Mfg Lathe Asm.jpg

The 16" page from 1916 - thanks to Mike C

L&Spg28.jpg

Oil - if lathe is actually level and oil runs out, its too full. Sight glass to be disregarded as needed. HS and clutch share the same oil level. Clutch actuation enters oil chamber via a packing gland which on my 24" tended to drip - so I had a drip can. Maybe I can dig up adjustment info on this cast iron cone clutch job

ON EDIT

Don't know about adjusting but here is some clutch related work on my 24

https://www.practicalmachinist.com/...-old-l-s-clutch-work-115719/?highlight=clutch

https://www.practicalmachinist.com/...-selective-head-work-112298/?highlight=clutch

have fun

Here is the clutch parts page



20220505_125127.jpg
 
Last edited:

heviarti

Plastic
Joined
May 4, 2022
Yeah, that's the vague picture I saw. Doesn't really give you a good look at it or suggest how it works. I think I downloaded the same book from vintagemachinery. It would be nice to be able to set something to stop the thing when threading close to the head.
As to 'modern expression' I don't think I've used either. I just know they're all too fast to make a decent finish, and the previous owner commented to the same effect when I ran into him recently. Roughly half the lowest speed would probably be about right. It makes me wonder if there is a way to replace one of the gears with another with a planetary inside to get it closer to a reasonable speed.
As to the clutch, it's nice to see something about it, but there still must be an adjustment procedure of some sort. I have to lean on the handle when I kick it out to make it stop. Maybe that's the intended behavior. I'm not sure.
 

john.k

Diamond
Joined
Dec 21, 2012
Location
Brisbane Qld Australia
To get a kickout while threading (leadscrew) you basically need one of the high speed threading attachments that were made by third parties for most popular lathes............Most clutches have a threaded ring to adjust the pressure,those without may have individual screw adjustment of operating arms or some such .......every clutch will have a wear adjustment in the assy somewhere.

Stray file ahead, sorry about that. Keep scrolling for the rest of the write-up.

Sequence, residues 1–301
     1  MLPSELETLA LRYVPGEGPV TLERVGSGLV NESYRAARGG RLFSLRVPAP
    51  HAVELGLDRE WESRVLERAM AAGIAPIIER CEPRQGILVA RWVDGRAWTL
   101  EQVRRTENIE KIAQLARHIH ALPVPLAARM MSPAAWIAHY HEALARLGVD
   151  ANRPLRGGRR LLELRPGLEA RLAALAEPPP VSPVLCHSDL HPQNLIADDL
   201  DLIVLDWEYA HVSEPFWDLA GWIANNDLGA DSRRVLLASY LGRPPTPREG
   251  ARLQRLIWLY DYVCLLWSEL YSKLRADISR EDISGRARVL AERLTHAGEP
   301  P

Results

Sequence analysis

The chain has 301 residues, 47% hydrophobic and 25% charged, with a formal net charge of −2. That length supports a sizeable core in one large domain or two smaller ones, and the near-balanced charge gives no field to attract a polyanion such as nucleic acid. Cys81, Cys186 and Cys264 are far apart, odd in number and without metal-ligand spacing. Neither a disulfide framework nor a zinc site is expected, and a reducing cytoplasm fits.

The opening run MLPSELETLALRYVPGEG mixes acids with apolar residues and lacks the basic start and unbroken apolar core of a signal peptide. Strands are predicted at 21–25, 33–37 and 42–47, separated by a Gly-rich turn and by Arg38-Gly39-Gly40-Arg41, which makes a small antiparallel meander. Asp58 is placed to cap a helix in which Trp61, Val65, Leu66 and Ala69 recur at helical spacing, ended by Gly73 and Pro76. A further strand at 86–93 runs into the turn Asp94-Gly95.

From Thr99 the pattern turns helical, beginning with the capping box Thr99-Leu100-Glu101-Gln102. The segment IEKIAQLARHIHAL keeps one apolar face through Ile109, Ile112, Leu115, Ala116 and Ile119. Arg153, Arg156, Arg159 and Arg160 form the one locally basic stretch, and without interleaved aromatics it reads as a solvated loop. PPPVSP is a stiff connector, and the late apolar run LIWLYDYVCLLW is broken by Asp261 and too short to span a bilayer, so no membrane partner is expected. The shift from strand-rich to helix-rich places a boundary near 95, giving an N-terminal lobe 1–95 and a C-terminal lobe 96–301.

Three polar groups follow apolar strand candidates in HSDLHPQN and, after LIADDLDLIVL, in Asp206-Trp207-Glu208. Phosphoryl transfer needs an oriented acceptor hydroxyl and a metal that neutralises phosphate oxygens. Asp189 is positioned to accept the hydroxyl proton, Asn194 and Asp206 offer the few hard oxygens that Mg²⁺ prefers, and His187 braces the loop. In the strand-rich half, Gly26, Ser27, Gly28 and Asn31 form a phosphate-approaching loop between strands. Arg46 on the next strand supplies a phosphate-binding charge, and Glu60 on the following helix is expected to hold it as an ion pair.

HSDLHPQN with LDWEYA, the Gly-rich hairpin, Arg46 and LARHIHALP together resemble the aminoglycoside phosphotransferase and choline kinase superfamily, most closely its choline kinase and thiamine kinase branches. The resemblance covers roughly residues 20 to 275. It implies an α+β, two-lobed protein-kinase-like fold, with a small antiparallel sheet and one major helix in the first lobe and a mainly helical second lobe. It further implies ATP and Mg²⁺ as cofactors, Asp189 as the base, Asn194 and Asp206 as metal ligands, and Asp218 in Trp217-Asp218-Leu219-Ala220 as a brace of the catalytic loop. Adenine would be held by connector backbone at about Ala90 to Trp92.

johnoder

Diamond
Joined
Jul 16, 2004
Location
Houston, TX USA
Adjusting clutch

Adjusting.jpg

This is in the " 1920 manual" on Vintage Machinery under Lodge & Shipley

Sounds like the same "nut" I had to cut in half after various PO's beat it to death

It goes without saying that when L&S says "spanner" that it likely means you need to MAKE ONE:D

Here is one I made as the need arose further into clutch

DCP_0951.jpg
 
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Andy FitzGibbon

Diamond
Joined
Sep 5, 2005
Location
Elkins WV
The production stops kick the feed rod out, not the lead screw, so can't be used for threading.

Most lathes of this vintage do have fast feeds. The philosophy back then was use a much wider cutting surface on the tool than what became popular later on.

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johnoder

Diamond
Joined
Jul 16, 2004
Location
Houston, TX USA
Roughly half the lowest speed would probably be about right. It makes me wonder if there is a way to replace one of the gears with another with a planetary inside to get it closer to a reasonable speed.

Here is what one PO did to slow feed down - but one would have to disable such to cut useful threads

DCP_0916.JPG

As to slow lathes and fast feeds, it was the norm for a long time - so well illustrated here at American Tool Works in 1915. The lathes went slow but the feeds were not slow

Big Chips 1915 at ATW.jpg
 

DanLinsch

Aluminum
Joined
Jan 24, 2012
Location
Salem, Oregon
The production stops kick the feed rod out, not the lead screw, so can't be used for threading.

Most lathes of this vintage do have fast feeds. The philosophy back then was use a much wider cutting surface on the tool than what became popular later on.

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Yep, that's how my Nardini works. Many times I've wished it had a kickout for feeding, but, oh well.


Dan